Let's consider what will be the most cost-effective improvements you can make.
First, a new graphics should work fine. New entry-level and midrange Nvidia cards often need less power than, say, a GTX 460 from 6 years ago. This means your existing power supply can handle the load, no problem. Second, a new card will likely generate a bit less heat than your old one. This means if your case fans were providing enough cool airflow before, they will also provide enough airflow with a new graphics card. Third, for gaming, it's still the graphics card that provides the biggest boost to ensure good frame rates in your games. This means a new card will make most games playable at high-ish resolution and detail settings (depending on the game, of course). Fourth, your Core i3-540 will easily overclock to at least 3.7GHz with the stock Intel fan/heatsink, and it will go well beyond that speed with an aftermarket cooler in the $20 to $30 range if you wish. That speed boost on your cpu will give you several extra frames-per-second on most games. Combine that with an extra 4GB stick of RAM (for a total of 8GB) for a further small boost in fps and you have a system that will carry you for several more years. Fifth, even if you decide to buy or build a new PC next year, you can easily move the new graphics card to that new system. If it were my system i'd go for an Nvidia GTX1060 and an Arctic Freezer 7 Pro or Cooler Master Hyper 212 EVO cpu cooler. Both cpu coolers can handle a good overclock on the i3-540.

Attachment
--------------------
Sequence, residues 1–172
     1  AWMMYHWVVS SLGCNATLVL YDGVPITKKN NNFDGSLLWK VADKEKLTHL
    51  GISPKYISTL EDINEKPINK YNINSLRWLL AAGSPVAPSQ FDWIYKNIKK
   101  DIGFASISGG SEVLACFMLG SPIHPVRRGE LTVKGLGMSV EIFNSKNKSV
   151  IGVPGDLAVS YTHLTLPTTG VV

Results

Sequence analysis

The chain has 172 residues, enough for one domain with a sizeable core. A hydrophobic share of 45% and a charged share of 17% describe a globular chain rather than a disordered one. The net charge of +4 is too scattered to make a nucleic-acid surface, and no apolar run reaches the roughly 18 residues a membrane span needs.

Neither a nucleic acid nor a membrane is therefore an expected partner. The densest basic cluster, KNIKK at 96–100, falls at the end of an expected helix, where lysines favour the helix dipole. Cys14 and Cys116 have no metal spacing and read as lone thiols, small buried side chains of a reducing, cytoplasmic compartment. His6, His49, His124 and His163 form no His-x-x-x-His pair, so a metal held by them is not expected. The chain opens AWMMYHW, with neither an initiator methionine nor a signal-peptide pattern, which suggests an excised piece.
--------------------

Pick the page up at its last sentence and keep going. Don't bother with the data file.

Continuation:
Recently my graphics card died thus I need to buy a new one. But my computer is 6 years old and I'm afraid that the new graphics card won't be compatible. Should I just buy a brand new computer or at least a new CPU and RAM or will the new graphics card work fine?
My specs: processor: Intel Core i3-540